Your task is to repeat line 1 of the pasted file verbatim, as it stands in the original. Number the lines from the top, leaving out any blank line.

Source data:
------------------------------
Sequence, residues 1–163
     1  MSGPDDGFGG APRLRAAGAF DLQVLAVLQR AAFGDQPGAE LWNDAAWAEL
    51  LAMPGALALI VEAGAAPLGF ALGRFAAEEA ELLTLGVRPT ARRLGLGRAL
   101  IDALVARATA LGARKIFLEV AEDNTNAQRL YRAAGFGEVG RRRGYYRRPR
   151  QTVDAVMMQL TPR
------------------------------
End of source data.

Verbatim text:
Sequence, residues 1–163